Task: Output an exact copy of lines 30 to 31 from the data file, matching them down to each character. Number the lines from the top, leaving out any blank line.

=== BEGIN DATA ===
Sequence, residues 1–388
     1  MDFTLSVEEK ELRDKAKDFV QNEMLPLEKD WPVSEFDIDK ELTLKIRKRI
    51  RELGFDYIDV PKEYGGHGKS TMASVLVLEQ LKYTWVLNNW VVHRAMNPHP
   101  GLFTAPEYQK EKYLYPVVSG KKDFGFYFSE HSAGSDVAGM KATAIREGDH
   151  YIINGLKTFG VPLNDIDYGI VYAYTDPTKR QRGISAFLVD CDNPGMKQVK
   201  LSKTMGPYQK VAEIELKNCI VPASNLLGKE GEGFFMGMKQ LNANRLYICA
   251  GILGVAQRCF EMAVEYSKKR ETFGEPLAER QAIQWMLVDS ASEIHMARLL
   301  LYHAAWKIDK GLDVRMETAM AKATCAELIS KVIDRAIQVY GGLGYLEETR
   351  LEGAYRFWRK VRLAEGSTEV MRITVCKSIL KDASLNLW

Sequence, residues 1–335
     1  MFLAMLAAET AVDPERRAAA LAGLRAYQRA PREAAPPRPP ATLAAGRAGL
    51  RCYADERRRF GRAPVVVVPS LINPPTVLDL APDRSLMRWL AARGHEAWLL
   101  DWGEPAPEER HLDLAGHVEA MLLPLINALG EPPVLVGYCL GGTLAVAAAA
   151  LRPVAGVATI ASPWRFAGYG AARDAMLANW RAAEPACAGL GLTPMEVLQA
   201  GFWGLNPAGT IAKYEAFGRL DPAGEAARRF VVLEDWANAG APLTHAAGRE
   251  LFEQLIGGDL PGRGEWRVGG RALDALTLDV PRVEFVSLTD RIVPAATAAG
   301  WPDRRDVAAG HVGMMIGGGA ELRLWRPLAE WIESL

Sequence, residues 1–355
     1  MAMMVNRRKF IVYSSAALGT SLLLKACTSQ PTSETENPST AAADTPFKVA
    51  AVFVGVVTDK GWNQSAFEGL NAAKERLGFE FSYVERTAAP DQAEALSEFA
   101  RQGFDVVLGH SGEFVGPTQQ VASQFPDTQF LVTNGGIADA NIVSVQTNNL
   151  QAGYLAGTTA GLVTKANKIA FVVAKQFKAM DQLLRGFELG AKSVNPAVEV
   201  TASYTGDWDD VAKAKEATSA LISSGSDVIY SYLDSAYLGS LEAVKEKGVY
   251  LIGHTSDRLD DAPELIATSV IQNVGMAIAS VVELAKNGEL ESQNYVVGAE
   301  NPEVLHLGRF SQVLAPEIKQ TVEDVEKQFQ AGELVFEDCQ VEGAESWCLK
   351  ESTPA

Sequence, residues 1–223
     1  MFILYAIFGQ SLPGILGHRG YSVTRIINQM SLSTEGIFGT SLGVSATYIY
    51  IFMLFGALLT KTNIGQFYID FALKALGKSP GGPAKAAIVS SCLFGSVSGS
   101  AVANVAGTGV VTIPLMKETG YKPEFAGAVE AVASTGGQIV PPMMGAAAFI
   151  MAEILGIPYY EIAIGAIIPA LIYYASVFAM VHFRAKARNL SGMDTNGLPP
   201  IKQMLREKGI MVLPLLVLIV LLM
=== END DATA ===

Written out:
   101  AVANVAGTGV VTIPLMKETG YKPEFAGAVE AVASTGGQIV PPMMGAAAFI
   151  MAEILGIPYY EIAIGAIIPA LIYYASVFAM VHFRAKARNL SGMDTNGLPP